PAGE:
Mobile technology assists lawyers by providing them with the tools they need to be successful in a highly competitive market. Vensi is pleased to be partnering with WebPerseverance and GetLegal to develop mobile application solutions that will allow attorneys to provide better and more efficient services to their clients and improve intra-office communications and information management. From time management and billing to law library access and rich media on the go, mobile technology empowers the legal community and enables attorneys to be more efficient and effective with all of their efforts.

Today, over 40% of all consumers use a smart phone.  In five years, that number is expected to reach 80%.  Legal services, like any other industry, can benefit from becoming more visible and accessible on the web by providing mobile solutions to their clients. Vensi is proud to be on the forefront of this transformation; building mobile applications to help the legal community put the power of technology to work in ways that will help them streamline their services, conveniently manage their billable hours, and effectively market their services.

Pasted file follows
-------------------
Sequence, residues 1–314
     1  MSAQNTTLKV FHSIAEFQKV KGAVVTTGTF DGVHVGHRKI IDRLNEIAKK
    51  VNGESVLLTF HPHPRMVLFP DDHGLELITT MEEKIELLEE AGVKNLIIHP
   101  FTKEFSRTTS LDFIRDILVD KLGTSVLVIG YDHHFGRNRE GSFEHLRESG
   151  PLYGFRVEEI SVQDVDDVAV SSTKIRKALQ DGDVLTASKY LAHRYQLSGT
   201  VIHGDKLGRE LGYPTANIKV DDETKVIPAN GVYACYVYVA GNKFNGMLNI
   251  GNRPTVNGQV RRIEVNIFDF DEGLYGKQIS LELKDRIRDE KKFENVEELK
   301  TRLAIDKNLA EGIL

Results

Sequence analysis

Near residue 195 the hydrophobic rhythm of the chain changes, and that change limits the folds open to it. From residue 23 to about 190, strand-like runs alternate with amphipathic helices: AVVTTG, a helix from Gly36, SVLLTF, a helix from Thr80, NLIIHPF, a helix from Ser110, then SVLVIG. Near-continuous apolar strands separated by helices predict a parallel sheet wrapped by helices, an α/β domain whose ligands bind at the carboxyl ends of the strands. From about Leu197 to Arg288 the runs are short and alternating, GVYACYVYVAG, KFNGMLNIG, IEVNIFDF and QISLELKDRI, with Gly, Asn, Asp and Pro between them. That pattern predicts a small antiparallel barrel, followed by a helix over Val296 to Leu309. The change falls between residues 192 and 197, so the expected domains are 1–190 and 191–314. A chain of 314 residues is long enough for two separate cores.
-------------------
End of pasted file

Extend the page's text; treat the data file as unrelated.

Why Blackberry Is Still in the Game

While it may seem as though iPhone and Android are battling it out for the top spot as the must-have phone OS, many businesses still prefer the reliability, security, and functionality of the Blackberry. What this means for mobile platform developers is that it is still important to develop applications for the BlackBerry platform and not focus exclusively on the other ‘Big 2’. Vensi is uniquely positioned to provide superior mobile applications for businesses that can be used across all three of the major platforms.